Portabello, Oxford 

One of the first lessons you learn at cookery school is that there is my way and then there is the Leiths way and you are there to learn the Leiths way. Whether that be using cutlery knives to rub butter into pastry, hand mixing water and flour on a counter top for pasta or finding the bloody oysters before you even think of jointing a chicken. The theory is that we should learn a basic solid level before we experiment and branch out on our own, and it’s a good method. Every day we follow a recipe or 5 from the Leiths book and serve it to our teacher at an allotted time and get marked and given feedback. – apparently soon we’re going to start to be given freedom with our choice of accompaniments, pressure.- We’re given a grade for things like meat cooking, sauce consistency, knife skills, you get the picture. I bring this up because I’ve realised that I’ve started viewing every dish I eat like this and marking it in my head…..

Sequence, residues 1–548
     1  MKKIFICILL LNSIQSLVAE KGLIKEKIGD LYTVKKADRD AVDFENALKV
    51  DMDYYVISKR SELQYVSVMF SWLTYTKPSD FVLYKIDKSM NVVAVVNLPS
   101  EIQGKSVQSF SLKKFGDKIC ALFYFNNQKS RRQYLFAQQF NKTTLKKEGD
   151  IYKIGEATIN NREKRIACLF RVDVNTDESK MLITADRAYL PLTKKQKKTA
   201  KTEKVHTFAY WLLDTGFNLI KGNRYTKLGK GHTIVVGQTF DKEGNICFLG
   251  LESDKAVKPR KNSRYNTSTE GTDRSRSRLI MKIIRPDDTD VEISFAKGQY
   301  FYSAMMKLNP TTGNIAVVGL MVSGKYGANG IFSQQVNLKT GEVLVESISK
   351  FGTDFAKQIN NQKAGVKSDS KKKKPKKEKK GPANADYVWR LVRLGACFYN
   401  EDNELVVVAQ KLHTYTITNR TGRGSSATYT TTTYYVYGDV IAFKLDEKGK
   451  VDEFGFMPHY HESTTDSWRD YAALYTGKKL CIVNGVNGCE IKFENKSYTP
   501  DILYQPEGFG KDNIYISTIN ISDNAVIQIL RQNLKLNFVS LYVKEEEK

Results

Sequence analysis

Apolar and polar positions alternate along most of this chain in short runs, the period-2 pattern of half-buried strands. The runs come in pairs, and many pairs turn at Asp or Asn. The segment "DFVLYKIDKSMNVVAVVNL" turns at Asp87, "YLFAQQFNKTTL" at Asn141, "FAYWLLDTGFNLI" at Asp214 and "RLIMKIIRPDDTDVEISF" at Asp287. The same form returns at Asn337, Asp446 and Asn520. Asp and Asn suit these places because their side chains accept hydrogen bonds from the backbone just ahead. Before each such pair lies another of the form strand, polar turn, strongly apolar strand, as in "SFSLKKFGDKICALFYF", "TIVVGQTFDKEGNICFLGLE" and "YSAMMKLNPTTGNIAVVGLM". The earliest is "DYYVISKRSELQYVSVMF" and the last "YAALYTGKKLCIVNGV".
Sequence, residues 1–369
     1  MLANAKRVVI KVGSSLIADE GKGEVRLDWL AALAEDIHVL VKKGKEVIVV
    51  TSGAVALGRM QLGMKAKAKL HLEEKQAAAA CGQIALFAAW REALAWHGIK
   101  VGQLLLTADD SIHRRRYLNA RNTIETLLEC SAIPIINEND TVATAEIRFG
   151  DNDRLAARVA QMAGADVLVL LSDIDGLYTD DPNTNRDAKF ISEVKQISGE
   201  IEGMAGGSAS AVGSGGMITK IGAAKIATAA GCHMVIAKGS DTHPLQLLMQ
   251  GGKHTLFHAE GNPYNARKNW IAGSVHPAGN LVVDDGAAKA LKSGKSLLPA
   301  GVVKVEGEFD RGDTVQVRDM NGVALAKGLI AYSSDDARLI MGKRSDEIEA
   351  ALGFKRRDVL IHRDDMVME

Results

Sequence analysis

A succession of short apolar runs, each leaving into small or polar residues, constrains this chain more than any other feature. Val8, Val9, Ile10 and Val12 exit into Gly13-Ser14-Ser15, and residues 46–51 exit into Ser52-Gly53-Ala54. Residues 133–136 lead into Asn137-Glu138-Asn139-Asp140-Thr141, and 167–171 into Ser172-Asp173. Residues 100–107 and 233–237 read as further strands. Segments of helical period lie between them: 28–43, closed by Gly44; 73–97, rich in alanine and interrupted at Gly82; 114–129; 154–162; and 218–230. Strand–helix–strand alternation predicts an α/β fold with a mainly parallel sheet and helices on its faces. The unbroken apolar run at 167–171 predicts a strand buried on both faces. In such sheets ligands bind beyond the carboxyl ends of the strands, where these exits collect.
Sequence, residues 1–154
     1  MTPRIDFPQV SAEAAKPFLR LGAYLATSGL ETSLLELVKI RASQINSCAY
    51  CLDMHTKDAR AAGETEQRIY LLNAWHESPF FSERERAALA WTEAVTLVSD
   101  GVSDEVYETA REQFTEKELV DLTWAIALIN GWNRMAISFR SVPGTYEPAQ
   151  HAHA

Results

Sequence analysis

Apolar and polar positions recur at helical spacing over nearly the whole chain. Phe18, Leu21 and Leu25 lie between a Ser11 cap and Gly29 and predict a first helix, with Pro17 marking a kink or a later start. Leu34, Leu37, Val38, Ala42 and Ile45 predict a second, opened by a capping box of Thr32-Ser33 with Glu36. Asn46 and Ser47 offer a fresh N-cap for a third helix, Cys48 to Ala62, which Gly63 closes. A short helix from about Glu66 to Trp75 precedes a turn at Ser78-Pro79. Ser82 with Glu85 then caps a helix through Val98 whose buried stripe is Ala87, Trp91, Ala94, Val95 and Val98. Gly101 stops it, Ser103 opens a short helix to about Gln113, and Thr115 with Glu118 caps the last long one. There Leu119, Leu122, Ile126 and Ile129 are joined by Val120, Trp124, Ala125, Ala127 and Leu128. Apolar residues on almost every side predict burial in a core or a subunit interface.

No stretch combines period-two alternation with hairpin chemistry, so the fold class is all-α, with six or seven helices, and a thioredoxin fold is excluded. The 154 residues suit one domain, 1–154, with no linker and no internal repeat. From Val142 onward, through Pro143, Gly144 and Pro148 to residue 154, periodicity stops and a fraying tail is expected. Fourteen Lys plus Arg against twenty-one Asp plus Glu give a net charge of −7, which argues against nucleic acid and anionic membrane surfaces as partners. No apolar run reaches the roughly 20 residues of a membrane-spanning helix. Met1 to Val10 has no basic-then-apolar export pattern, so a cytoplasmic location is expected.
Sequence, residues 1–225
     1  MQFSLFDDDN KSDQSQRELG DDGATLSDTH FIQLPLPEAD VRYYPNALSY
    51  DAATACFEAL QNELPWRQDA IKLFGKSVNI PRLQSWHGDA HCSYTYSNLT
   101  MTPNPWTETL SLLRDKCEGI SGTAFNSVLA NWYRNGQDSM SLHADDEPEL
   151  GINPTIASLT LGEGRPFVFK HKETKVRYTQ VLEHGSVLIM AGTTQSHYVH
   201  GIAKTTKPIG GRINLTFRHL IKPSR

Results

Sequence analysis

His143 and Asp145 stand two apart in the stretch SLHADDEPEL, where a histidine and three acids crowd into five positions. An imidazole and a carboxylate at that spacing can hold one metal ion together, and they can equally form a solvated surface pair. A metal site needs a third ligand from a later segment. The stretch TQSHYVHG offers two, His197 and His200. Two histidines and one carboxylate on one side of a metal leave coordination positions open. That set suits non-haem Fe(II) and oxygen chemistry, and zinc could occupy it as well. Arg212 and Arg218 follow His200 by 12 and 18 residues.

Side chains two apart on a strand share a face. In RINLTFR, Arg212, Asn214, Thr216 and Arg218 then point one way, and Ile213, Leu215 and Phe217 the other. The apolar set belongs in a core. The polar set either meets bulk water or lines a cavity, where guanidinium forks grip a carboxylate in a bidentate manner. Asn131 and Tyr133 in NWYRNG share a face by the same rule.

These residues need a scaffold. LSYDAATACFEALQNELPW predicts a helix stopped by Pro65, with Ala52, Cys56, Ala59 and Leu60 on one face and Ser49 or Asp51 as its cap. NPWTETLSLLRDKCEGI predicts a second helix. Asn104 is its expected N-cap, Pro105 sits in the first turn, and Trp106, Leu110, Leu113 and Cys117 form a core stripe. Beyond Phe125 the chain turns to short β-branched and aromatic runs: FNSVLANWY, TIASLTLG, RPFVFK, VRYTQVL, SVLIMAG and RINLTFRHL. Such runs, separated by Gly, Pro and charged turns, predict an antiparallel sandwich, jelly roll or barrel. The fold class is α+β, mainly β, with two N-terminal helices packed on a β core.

It was my own fault. I shouldn’t have ordered the chicken with red wine jus, bacon and celeriac puree. Don’t get me wrong, it was delicious. As my teacher Michael would say: ‘It’s nice warm plate, food piping hot and served in good time. Good presentation, nice portion size, maybe a little extra colour next time, some green or something to add freshness but nice clean plate. Fibres nicely set on the chicken but there’s still some moisture, beautiful rendering down of the skin and nice carving of the supreme, still served in the bone, good. Lovely sauce consistency, see how it’s syrupy but still runs down the plate, that’s what your looking for. Bacon, on the less crispy side but works on this dish. Puree isn’t gloopy, nice flavour, hint of pepperyness coming through but good punchy flavour of the celeriac. The consistency though, see how you can still taste those fibrous textures from the celeriac? I’m looking for silky, creamy smoothness, maybe next time pass it through a chinoise (very thin sieve) and add a little cream or Creme fraiche, but otherwise lovely dish, just think about the veg as well as the main event’. I’m being pinickity here because mostly it was a delicious dish, a lovely atmosphere and really great friendly waitresses, but this is what cookery school does to you. As you can see I might not be able to have McDonald’s ever again! ( I’ll cope, I’ve only eaten there about 5times ever anyway #foodsnob). Also I don’t mean to brag but I did nail the celeriac puree when I made it on Friday in my duck, dried cherry and almond sauce, celeriac puree, artichoke crisps and sautéed kale. I’m allowed to say this mostly because my sauce was too thin and my duck wasn’t portioned right, Portabello won anyway.